The Cathartic Cave Diver
29 November 2010
It has been a great couple of weeks in the world of cave diving and the dive industry as a whole. The NACD conference was one of the best (if not the best) I have attended; likewise with DEMA. Although I did not like going to a land-locked area for a dive industry trade show and I have grown to no longer enjoy Las Vegas, I was able to learn a lot about new tools for diving as well as see old friends and make new ones. Here are some great things I saw at DEMA:
So I have been going through some life changes and have been thinking a lot (I know, not smart if you are a cave diver). Recently, I was compelled to go dive Eagle’s Nest and my buddy bailed on me at the last minute. Since I was already close to the Nest, I decided I would do a solo dive. I know that many people don’t like solo diving and I am not a practitioner of it. We have all been in solo "situations" both in caves as well as in open water. 50-100’ away from a buddy is a long way to swim if you are out of gas or have a gas casualty. I am usually diving sidemount (both open circuit as well as on my KISS Classic rebreather) so my I feel I have gas management covered. If I were diving backmount, I would have employed a "buddy bottle" for safety. Many know that neither the NACD nor the NSS/CDS condone or condemn the practice of diving solo in caves. I am not here to lobby for or against but rather provide my experience.
The first thing I noticed when I arrived at the Nest is that I was not feeling like I was pressed for time. This is usually the case as I end up gabbing too much and everyone else is ready before I am. I also noticed how much attention I paid to my gear; more so than usual (I will remember that). I analyzed my gases on site (again) and went through all of my gear meticulously.
After taking my bottles to the water I suited up in my drysuit and Armadillo. I went to the water and sat; shining for alligators. Honestly, gators were my ONLY concern for the dive – if a bottle has an issue, I have another – one light fails, I have 3 more – lose my way, I carried an exploration reel. For this dive the only thing I took with me out of norm was an extra light and an exploration reel. The reel I took with the intent of using it for safety if needed. OK, no red eyes on the water. Time to go diving!
I kitted up slowly and deliberately; it felt great. I entered the crap-viz, pea soup basin and made my way to the "log" to drop off my 02. I did another set of bubble checks on my bottles and down the shaft I went.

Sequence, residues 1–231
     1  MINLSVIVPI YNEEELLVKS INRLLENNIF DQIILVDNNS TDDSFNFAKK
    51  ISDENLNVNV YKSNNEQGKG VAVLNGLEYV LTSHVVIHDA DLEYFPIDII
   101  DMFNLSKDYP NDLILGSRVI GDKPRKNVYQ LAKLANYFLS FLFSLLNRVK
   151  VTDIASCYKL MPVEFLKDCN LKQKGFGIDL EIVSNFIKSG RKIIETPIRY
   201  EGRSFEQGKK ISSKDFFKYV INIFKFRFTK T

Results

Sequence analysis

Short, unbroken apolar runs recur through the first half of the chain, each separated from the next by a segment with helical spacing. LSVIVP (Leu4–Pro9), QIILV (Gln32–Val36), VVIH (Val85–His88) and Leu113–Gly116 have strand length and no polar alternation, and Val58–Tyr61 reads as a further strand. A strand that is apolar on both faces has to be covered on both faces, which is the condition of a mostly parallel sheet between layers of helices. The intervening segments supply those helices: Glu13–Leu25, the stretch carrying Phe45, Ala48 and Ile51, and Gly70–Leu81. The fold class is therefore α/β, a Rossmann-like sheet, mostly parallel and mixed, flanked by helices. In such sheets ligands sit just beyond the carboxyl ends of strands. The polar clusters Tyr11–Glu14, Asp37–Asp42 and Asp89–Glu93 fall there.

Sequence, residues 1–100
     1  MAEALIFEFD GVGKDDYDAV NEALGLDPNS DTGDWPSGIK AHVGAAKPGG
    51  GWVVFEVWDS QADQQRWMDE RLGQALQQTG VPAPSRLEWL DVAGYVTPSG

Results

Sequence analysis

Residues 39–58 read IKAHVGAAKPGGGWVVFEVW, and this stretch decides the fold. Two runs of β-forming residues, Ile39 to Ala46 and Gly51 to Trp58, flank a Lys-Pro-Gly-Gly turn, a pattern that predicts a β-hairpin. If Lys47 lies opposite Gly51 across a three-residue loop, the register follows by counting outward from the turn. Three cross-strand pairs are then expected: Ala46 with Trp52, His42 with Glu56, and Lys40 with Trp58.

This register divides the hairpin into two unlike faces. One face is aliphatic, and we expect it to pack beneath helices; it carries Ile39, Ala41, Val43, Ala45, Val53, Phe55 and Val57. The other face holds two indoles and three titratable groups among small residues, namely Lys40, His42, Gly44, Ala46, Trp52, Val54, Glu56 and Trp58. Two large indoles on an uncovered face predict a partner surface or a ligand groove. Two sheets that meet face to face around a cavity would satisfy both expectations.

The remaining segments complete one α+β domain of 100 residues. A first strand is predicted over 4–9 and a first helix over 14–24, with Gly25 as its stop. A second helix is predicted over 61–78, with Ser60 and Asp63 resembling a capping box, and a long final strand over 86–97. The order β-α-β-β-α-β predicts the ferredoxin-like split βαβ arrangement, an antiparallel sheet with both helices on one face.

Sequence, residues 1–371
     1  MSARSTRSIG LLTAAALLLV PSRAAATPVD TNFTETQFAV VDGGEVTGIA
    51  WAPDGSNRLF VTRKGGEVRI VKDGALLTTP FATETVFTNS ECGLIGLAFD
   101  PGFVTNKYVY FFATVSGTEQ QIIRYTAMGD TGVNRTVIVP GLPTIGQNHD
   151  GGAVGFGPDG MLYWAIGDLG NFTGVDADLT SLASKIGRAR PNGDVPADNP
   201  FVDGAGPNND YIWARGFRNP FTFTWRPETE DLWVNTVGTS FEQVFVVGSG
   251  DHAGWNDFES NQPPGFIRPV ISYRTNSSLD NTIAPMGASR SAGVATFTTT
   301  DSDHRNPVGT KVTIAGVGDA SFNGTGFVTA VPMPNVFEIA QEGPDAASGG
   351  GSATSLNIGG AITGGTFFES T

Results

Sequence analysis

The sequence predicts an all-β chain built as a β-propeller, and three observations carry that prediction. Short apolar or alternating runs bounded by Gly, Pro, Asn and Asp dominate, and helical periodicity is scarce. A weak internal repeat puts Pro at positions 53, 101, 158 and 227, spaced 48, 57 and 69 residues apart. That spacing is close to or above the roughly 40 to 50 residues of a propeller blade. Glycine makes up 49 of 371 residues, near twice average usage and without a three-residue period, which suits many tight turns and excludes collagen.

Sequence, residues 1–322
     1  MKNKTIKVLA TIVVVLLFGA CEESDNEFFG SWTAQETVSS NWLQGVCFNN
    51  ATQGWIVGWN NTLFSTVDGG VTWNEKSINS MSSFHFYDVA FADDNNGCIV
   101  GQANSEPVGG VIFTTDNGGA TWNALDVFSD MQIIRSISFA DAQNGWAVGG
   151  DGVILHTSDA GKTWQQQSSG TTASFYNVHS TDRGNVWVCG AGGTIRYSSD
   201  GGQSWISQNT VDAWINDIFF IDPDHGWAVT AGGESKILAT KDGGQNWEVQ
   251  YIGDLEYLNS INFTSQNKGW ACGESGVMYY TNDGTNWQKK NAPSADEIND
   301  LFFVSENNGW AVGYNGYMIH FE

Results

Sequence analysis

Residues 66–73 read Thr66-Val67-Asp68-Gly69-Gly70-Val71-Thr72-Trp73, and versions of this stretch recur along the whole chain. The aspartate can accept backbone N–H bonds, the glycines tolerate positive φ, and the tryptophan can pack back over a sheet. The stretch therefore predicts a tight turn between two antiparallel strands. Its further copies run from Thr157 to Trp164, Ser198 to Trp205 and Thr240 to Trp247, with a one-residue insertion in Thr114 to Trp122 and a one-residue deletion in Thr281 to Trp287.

After clipping my 50/20 mix to the line at 75’ I dropped to about 10’ above the mound. I was surprised how lucid this dive was. I noticed things I never had before. I was completely engulfed by the dive. I had no reason to rush and no one else to worry about! My dive plan was to go upstream a bit (gas constrained), then go back around the mound and go downstream to the Lockwood Tunnel jump. Throughout the dive I was surprised how much better my breathing rate was; I guess I really was relaxed.
I completed the dive without incident and started my long deco out. That is a major concern that should be given CAREFUL consideration – deco! If you have an issue and no one is topside waiting for you, it could mean some serious complications. Although I was completely alone I did use a common dry caving practice of leaving a callout. I called my buddy and let him know when he should hear from me. This would be akin to a flight plan if flying or a float plan if boating.
I am still not an advocate for solo diving and I don’t know if I will ever dive Eagle’s Nest by myself again. For one, I would have rather had someone with me in the basin looking for that monster gator that never appeared; oh how I knew he was out there lurking, watching me. Waiting for the opportunity to come over and scare the hell out of me. However, I am pleased with my dive and it gave me the catharsis I desperately needed.
As always, if you see something on the site you would like added or changed, please feel free to let me know.
As the Cave Crumbles
3 November 2010
Recently, I was fortunate to take a Conservation Science class as part of the Florida Master Naturalist Program. As someone who spends as much time as possible outside exploring the real Florida, I was amazed at how much I learned. I was amazed at just how much this class has made me think, view and see how the biodiveristy of our State is probably beyond repair. I have found that on our hikes, I walk a lot slower now, I am appreciating not just mega flora and fauna but the small ecosystems that pepper our beautiful landscape. I would recommend this class to anyone!
As the year comes to a close, a couple of events are on the agenda (as they always are). First is the National Association for Cave Diving's Annual Seminar. I am looking forward to spend time with old friends and learning about the new ways and methods that others are using to explore our great planet. Next up will be The Diving Equipment & Marketing Association (DEMA) tradeshow. Always fun to see new and creative products for diving and figuring out how we can use them in caves. I will be in the KISS Rebreathers booth (3241) if you would like to come by and say hello. I will also be there representing the ADM Exploration Foundation.
Looking to expand on our success during the 2010 Yucatan Cave Expedition we are heading back to Colonia Yucatan in January. We are excited about the new team combination this year but will miss two key and veteran explorers. Keep an eye out for some amazing news from this trip. We are expecting to recover some one of a kind artifacts from several caves we explored last year.